The configure() command in line 30 stores the UPC Reader title string in the window header and sets the background color for the GUI to #a2b2a3 (light olive green).

At the top of the window, you can see the entry widget $entry, which accepts sequences of numbers from the scanner and stores them in the global variable $UPC_VAR. Farther down is a photo widget for the book and CD covers; for organizational reasons, it is embedded in a label widget. Four Label-type widgets follow that store the title ($PRODUCT), the author/artist ($BYWHO), the scanned UPC or EAN code ($UPC), and a status message ($FOOTER).

The for loop in line 50ff. drops the widgets, top down, into the main window and calls -fill => "x" and -expand => 1 to ensure that the labels fill the horizontal space up to the border and automatically scale when the main window is expanded.

The bind() command in line 56 plays an important role. The entry widget ignores the Return character sent by the scanner because the input field is a single-line field. The bind method binds the Return key's keyboard code to the scan_done() function defined in line 68ff. to trigger processing of the code read in by the scanner.

First, the photo object's blank() method is called to remove the previous cover image. Then the title and author/artist names are replaced with blank strings. A "Processing …" message appears in $FOOTER, and the request is sent to Amazon by calling amzn_fetch(). To get ready for the next scan, line 78 immediately deletes the code read by the scanner from the entry widget. The barcode for the current product is stored in the $UPC widget.

After completing these preparations, line 58 defines a POE session, and line 65 launches the POE kernel, which controls the program from this point on until it is terminated. The POE kernel accepts user input, mouse clicks, or keyboard/scanner input and makes sure that a time slot is assigned to each handler triggered by an event. POE is very strict with the sessions it controls. If they do not have a task to complete, they are eliminated. POE does not understand that a Tk application might just be waiting for user input. To prevent it from killing the GUI, lines 58 through 63 define a session that jumps to the _start event every 60 seconds.

Ask Amazon

Once the scanner has returned a UPC or EAN code, the amzn_fetch() function in line 82ff. creates an instance of a Net::Amazon object and passes in both the developer token (you will need to apply to Amazon if you do not have one yet – see the "Installation" section below), and the global special agent LWP::UserAgent::POE, which not only retrieves web requests, like its base class LWP::UserAgent, but also collaborates with POE.

A Net::Amazon::Request::UPC-type request object talks to the Amazon web service that provides the UPC/EAN lookup facility. The request must state up front whether it wants to search for the UPC/EAN code in the Books, Music, or DVD sections.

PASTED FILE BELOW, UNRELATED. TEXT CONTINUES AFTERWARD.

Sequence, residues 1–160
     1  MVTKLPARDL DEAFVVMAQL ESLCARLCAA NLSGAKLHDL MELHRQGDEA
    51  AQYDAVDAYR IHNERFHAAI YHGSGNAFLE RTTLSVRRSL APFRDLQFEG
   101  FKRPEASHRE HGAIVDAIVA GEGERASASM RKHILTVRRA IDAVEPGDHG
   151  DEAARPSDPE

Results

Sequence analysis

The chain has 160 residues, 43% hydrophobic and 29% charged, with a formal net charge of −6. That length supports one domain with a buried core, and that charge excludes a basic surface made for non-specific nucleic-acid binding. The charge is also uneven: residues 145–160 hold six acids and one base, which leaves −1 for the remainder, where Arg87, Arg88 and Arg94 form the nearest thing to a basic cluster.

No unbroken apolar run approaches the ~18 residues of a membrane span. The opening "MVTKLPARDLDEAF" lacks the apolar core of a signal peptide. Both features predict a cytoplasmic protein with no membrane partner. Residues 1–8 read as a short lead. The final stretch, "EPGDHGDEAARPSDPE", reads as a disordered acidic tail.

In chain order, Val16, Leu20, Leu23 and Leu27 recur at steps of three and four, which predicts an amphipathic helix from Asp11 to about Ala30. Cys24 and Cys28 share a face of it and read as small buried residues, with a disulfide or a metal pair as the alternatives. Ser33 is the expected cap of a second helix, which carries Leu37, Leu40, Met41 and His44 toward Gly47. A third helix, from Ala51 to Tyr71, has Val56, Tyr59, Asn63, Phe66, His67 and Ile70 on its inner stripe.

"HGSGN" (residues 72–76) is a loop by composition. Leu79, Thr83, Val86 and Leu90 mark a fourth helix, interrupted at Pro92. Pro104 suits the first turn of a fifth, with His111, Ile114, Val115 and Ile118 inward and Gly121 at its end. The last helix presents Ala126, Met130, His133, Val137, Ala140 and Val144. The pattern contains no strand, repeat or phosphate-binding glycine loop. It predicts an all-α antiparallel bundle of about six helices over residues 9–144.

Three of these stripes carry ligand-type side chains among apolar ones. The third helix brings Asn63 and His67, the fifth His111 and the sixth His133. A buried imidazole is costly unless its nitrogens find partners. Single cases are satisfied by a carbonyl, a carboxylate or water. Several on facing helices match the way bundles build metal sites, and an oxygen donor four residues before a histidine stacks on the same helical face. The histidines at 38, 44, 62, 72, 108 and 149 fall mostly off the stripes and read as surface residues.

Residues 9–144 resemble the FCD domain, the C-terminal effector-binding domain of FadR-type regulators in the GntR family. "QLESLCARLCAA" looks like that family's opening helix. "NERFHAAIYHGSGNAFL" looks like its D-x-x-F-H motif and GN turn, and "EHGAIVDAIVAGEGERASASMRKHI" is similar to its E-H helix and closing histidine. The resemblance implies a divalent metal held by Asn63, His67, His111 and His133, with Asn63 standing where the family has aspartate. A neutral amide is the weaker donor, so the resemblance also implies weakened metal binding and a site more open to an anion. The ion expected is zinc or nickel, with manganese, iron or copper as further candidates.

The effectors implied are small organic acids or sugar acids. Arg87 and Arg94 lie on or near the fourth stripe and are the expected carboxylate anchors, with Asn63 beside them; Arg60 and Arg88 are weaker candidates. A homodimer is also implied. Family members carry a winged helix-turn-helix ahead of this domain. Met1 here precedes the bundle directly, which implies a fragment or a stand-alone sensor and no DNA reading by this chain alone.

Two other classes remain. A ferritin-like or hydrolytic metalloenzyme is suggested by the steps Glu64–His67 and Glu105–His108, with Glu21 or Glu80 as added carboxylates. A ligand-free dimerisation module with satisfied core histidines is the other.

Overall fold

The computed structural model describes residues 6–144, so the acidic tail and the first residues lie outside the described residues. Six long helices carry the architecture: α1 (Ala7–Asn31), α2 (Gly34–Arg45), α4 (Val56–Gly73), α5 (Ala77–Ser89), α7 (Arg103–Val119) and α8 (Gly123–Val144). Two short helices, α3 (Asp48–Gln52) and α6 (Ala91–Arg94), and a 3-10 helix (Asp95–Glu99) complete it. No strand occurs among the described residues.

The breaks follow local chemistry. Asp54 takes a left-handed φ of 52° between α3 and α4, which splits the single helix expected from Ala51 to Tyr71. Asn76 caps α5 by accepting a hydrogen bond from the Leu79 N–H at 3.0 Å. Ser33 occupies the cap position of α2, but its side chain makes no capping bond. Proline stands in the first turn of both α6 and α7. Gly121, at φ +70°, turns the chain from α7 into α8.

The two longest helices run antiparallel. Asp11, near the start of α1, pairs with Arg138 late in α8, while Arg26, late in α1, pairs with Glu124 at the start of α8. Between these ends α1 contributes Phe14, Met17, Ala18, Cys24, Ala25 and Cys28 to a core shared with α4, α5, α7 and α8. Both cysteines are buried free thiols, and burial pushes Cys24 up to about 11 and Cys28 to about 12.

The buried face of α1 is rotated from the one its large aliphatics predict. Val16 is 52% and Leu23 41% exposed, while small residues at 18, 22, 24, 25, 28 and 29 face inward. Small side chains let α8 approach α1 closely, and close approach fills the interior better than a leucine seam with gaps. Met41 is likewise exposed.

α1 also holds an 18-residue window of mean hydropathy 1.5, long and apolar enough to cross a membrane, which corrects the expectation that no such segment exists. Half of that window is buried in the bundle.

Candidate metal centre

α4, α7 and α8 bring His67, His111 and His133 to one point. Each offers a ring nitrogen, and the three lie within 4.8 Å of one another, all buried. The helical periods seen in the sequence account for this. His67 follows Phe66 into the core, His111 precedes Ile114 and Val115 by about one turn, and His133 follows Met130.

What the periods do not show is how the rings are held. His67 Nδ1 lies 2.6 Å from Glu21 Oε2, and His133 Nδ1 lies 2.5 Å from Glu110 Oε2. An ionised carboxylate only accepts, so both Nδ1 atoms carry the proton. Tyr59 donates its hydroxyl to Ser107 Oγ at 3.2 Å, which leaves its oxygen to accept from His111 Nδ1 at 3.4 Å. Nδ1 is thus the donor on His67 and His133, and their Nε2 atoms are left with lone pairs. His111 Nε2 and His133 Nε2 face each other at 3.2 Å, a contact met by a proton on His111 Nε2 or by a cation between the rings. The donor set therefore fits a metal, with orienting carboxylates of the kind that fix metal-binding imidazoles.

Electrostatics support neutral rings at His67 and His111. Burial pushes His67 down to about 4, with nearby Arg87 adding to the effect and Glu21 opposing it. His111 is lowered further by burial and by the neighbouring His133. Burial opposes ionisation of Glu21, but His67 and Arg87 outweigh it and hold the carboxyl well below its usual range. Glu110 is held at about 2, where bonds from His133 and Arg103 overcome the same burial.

Because the scanner does not know whether it is scanning a book or a CD, the for loop that begins in line 93 simply tries all three supported sections and terminates as soon as Amazon reports a successful search. The response returned here offers the is_success() method, which tells you whether a matching code has been found.

The amzn_fetch() function returns three parameters: the response object $resp, the section in which the match was found (Books, Music, or DVD), and the scanned UPC/EAN code.

The resp_process() function defined in line 114ff. grabs the results and uses it to update the GUI fields. The ImageUrlMedium() method for the retrieved article in $property includes a URL for a medium-sized JPEG image on Amazon's server depicting the product cover.

Reading JPEGs

To allow the Tk toolkit's photo widget to read and display JPEG images, line 8 loads the Tk::JPEG module, which is also part of the Tk distribution. The img_display() function defined in line 158ff. expects the URL for an image hosted by Amazon.com and then asks the POE-friendly user agent to retrieve it.

Because the Tk photo widget insists on Base64-encoded data (at least for JPEGs), the encode_base64() function from the MIME::Base64 module converts the JPEG data extracted via content() into a format that the widget will handle. After this, the photo widget's configure() method sets the -data option, which in turn tells the widget to parse the data, convert it to the internal Tk format, and display the decoded image in the GUI.

Database with Wrappers

Now back to the resp_process() function: It not only displays the product data, but also stores it in the database. To allow this to happen, in line 128 the Rose::DB wrapper creates a new Article type object and sets the object's upc, type, title, and bywho fields, which all correspond to the database table columns with the same names.

The load() method with the speculative attribute then attempts to find a matching entry in the database. If the search succeeds, the script sends an "ALREADY EXISTS" message to the GUI display to tell the operator that this product has already been scanned. If load() fails, save() in line 149 saves the newly entered article in the database.


Before the script can use AWS, you must apply for an Amazon developer token and enter it in line 89. This process is fast, and you can trigger it [3] by entering a valid email address to which the token will be sent. Without a valid token, the script will say NOT FOUND every time. The database is created by the SQLite client sqlite3 when the schema file (Figure 6) is passed in to it:

sqlite3 articles.dat <schema.sql

The client then creates the articles.dat database and an empty database table, articles, containing the columns id, upc (the UPC/EAN code), type (Books, Music, or DVD), title (the title of the book or CD/DVD), and bywho (the author or artist).

The UNIQUE command in the database table's SQL uses the article type and UPC number as unique keys to allow the Rose database wrapper to run load() quickly and check to see whether the product with a given UPC and type has already been scanned.


All of the modules used here are available from CPAN and can be installed with a CPAN shell. The article database created by the script can be used in various ways: as a buying aid ("Do I own this book already?"), as a CD archive, or – if you include location details (as in, "Room 1, Shelf 4, Compartment 3") – as an online catalog for absent-minded librarians.

The Author

Michael Schilli works as a software engineer with Yahoo! in Sunnyvale, California. He is the author of Goto Perl 5 (German) and Perl Power (English), both published by Addison-Wesley, and he can be contacted at mailto:mschilli@perlmeister.com. Michael's homepage is at http://perlmeister.com.